The snow tickled Melanie’s pink face as she strolled up Darley Street, and she smiled. It was late afternoon, and she loved the way the colours of the Christmas lights shone through the white flakes floating down from the darkening sky. Melanie was snugly wrapped in a thick blue coat, sweater and scarf, her blonde hair protected by a woolly hat. She had her thermals on under her jeans and sturdy walking boots, so the cold didn’t bother her. She was pleased to see the snow; it made her feel like she was living inside the scene on an old-fashioned Christmas card. Melanie had just finished buying her presents. She had no more lectures to attend this year, and soon she’d be back home with her folks. Mum always cooked a gorgeous Christmas dinner: there’d be turkey with all the trimmings, trifle to follow, and then she could have a lovely lazy time in front of the telly with chocolates and wine. It’d be brilliant.
The snow made Suzanne sneeze as she strode down Darley Street, almost slipping on the icy pavement. The white flakes contrasted with her long black hair and matching leather coat. God, thought Suzanne, I ing hate this time of year: having to push through crowds of chavs stocking up on cheap crap, and the pathetic tatty decorations that the council put up every year. Worst of all, she’d soon have to spend some time with her family. She pictured herself sitting at the table and nibbling her vegetables while they gorged themselves on fatty factory-farmed turkey. She’d be expected to talk nicely to aunties who said how much she’d grown (she was 20) and uncles who wanted to know if she had a boyfriend yet. It’d be hideous.
Suzanne turned and swore as someone bashed into her ankle with a pushchair. And then she looked down the street and groaned inwardly. Oh, That was all she needed – that silly cow Melanie from Uni, smiling in her direction.
Suzanne briefly considered blanking Melanie, but the blue-clad figure had already stopped in anticipation of a chat, so Suzanne decided to force a faint smile and bear it. Melanie bubbled away about her coursework, some bloke she’d met in a club and how great Christmas was going to be. Suzanne granted her questions brief responses. No, she didn’t think she’d done well in the exams, and no, she wasn’t looking forward to Christmas. Why? Because, Suzanne explained, her relatives made her feel like Lisa in The Simpsons – embarrassed, isolated and in dire need of intelligent conversation.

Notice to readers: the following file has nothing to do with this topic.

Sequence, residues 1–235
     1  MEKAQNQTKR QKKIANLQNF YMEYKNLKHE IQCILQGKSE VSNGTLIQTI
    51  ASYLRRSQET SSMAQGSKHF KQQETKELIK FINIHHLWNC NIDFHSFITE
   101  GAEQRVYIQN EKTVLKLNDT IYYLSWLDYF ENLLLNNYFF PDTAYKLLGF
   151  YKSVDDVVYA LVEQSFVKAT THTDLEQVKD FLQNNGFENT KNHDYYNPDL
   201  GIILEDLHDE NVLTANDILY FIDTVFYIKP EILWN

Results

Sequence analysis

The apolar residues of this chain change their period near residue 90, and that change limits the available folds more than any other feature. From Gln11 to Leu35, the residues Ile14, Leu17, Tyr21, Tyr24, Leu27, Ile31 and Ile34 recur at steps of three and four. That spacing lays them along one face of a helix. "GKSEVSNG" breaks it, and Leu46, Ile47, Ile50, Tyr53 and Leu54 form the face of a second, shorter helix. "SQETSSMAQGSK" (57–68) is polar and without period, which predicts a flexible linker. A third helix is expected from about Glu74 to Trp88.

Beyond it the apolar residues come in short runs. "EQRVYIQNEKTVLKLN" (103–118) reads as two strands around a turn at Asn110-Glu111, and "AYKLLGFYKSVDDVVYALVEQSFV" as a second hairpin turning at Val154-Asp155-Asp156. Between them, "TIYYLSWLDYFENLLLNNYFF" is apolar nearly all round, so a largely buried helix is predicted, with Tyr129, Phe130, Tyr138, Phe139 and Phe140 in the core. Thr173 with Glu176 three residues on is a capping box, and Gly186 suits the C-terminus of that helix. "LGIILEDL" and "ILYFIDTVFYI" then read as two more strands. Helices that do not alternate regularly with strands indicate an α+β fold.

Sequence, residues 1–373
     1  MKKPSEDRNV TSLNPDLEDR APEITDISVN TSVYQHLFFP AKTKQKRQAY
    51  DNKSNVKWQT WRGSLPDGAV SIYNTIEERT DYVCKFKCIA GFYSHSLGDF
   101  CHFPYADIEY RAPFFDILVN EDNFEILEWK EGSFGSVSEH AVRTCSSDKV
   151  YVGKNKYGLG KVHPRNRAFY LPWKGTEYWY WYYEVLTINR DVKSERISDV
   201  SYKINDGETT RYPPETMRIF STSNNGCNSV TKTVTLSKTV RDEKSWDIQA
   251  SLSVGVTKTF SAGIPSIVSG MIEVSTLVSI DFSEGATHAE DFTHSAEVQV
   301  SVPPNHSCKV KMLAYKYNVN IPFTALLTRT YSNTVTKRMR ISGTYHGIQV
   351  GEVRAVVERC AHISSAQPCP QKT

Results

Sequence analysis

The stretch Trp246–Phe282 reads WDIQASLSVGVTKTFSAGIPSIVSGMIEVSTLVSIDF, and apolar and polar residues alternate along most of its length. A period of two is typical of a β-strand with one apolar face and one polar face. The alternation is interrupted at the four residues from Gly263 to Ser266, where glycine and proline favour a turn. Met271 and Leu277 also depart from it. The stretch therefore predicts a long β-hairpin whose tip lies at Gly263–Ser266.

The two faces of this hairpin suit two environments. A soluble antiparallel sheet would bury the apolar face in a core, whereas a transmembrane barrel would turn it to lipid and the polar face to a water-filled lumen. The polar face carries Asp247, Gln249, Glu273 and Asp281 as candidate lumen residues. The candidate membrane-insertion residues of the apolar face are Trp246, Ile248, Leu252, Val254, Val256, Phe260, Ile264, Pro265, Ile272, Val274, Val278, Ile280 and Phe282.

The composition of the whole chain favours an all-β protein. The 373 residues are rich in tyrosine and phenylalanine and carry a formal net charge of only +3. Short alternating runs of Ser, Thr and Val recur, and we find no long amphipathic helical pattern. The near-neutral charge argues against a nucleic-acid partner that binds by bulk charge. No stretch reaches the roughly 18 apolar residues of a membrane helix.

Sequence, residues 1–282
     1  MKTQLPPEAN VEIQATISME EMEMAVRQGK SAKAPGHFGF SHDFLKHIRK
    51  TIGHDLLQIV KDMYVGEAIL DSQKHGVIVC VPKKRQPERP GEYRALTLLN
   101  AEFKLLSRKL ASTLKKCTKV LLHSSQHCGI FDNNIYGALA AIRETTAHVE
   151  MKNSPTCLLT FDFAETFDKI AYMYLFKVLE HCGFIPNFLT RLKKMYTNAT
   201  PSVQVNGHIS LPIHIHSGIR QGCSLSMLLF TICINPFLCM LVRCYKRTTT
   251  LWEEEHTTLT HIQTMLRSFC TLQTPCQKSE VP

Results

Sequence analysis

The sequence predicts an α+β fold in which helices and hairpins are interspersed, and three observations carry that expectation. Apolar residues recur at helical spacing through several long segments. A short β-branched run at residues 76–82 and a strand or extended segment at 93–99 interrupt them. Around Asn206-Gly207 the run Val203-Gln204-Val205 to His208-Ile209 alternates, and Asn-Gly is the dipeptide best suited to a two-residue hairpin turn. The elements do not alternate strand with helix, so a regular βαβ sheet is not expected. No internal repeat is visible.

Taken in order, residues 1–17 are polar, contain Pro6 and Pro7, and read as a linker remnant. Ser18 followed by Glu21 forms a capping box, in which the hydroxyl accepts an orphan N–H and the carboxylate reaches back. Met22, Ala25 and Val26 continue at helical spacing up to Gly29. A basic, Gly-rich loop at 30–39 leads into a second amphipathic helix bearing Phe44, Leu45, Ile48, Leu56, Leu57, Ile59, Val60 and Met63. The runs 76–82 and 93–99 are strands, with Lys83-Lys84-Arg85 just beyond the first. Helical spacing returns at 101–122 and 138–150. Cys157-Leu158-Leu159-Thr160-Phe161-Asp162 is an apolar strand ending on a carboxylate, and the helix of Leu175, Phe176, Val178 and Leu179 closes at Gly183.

Melanie nodded and made a sympathetic face. ‘Yes’, she said. ‘I know how you feel.’ Suzanne silently stared at her for a long moment, and then replied: ‘I very much doubt it. ‘Bye.’ Then she strode off down the slope.
Melanie watched her go. Poor girl, she thought. She’s obviously got problems. She turned around, and almost fell over a couple of small, laughing children who were chasing each other through the busy pedestrian precinct. Melanie smiled at the happy little darlings. Then a pretty display of fairy lights drew her attention to a shop window in which she could see a lovely turquoise top. She decided that she’d treat herself to some new clothes when the January sales started. She had a little of this semester’s loan left over, and she’d probably get some more money from her family soon, because it was Christmas. And Christmas was great.
Not very far away, Suzanne was smiling too. Talking to Melanie had been infuriating, but also useful. Suzanne had suddenly realised that she truly couldn’t stand another Christmas like all her other ones, and had begun plotting ways to make this one different. She’d tell people what she really thought of them on the cards she gave them. She’d buy them the presents they actually needed. And when the uncles started bugging her about boyfriends, she’d say no – she had a girlfriend. It wasn’t actually true, unless you counted that drunken snog with Emma, but so what? She imagined Uncle Ron’s face after she told him her ‘news’, and laughed out loud in the street. Then she went into Waterstone’s to look for a diet book for Mum’s present.
Melanie and Suzanne were both really looking forward to Christmas.